Wednesday, November 14, 2007

Chords And Finger Positions

In my last article we discussed how as a left handed guitar player I came to play a right handed guitar left handed by flipping over the guitar playing it backwards. This was done not to be different but out of necessity because I had to borrow someone else's guitar at the time so I couldn't restring it. Now I will discuss how to begin teaching yourself how to make chords regardless of conventional learning techniques.
Find a guitarist's chord manual or chord chart with diagrams. Even though you are playing left handed upside down, the chord fingerings have to be correct, the only difference will be which finger you will use for each guitar fret. A typical chord diagram will show an illustration of six strings and numbered round dots representing where and which finger should be pressed to make a certain chord. Remember that these diagrams are for right handed players so that means that they are intended for the left hand. We will read these diagrams and interpret for the right hand. Look at any chord diagram. It will show six strings and about seven frets. You should already know the names of the strings, E A D G B E. There is a low E and a high E string. As you hold the guitar, the high E string will be on top of the sound hole and the low E on the bottom. The high E string is located at the far right of the diagram, and the low E at the far left. The A string is next to the low E and so on. Pay no attention to the numbers on the round dots because they are irrelevant to the left handed player. A chord structure could use anywhere from one finger to four fingers. Start by learning one or two finger chords. Start learning three finger chords as soon as possible because there are actually very few one or two finger chords and you may get bored. Practice an upstroke with your left hand holding a pick. Experiment with the different fingerings to decide which fingers feel best on which strings. Also practice changing from one chord to another to get the feel of it. I have actually taught right handed people to play the guitar and my number one rule is DO NOT over practice. It leads to frustration and boredom and that is what we want to avoid. Thirty minute sessions per day is plenty of time, but if you are eager and want to work longer feel free to, I only want you to avoid getting frustrated or bored. Your fingertips will get sore but that will go away as you wear callouses on them. I hope that this helps you to get started playing right handed guitar left handed. The whole point is that as a left handed guitar player, there is no need to conform to a right handed world to learn to play music.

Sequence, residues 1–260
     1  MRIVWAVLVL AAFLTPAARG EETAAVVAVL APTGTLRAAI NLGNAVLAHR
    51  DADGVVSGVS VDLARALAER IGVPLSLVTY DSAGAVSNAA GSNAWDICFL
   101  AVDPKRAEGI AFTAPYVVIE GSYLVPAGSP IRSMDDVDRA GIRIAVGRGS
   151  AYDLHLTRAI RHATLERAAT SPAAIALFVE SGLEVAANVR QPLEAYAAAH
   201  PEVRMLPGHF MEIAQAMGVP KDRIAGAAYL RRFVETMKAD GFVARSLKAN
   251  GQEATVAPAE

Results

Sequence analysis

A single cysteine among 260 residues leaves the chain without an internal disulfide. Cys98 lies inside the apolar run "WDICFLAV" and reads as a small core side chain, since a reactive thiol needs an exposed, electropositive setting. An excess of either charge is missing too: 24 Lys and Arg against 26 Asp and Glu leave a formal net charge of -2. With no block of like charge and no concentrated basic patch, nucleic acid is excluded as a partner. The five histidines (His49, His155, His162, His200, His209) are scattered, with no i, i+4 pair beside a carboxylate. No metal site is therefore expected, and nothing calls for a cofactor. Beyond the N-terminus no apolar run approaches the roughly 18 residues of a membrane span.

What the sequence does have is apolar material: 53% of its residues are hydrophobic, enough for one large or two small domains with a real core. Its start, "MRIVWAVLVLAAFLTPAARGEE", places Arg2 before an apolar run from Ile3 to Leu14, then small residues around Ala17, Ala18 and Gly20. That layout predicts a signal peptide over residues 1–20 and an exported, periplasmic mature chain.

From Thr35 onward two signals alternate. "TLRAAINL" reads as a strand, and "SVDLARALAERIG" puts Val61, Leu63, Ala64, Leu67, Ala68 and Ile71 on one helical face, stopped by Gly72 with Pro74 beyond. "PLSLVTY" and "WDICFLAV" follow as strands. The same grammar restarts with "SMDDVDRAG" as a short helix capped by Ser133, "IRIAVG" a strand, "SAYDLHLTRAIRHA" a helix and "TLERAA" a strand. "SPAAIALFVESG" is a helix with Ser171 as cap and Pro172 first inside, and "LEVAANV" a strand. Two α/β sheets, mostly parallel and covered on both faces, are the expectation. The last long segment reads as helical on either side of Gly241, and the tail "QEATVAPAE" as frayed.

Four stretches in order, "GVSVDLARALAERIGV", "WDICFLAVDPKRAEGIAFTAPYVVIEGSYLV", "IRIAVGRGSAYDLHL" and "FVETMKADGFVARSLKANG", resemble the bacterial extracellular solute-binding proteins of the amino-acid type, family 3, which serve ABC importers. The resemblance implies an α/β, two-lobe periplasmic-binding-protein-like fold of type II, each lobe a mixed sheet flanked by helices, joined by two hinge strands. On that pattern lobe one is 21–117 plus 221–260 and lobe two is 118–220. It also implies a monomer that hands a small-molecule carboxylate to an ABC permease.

6 comments:

  1. Thanks Ben! I am primarily a lefty drummer. I have made several previous attempts to play guitar (right handed) without much success, became easily frustrated, and quit....